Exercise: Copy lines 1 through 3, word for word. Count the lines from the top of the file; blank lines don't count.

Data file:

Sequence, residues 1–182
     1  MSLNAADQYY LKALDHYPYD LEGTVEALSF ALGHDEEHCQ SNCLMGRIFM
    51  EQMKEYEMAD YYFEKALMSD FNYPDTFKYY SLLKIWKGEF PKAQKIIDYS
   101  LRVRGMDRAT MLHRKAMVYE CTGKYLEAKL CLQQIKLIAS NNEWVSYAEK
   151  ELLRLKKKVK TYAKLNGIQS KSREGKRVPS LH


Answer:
Sequence, residues 1–182
     1  MSLNAADQYY LKALDHYPYD LEGTVEALSF ALGHDEEHCQ SNCLMGRIFM
    51  EQMKEYEMAD YYFEKALMSD FNYPDTFKYY SLLKIWKGEF PKAQKIIDYS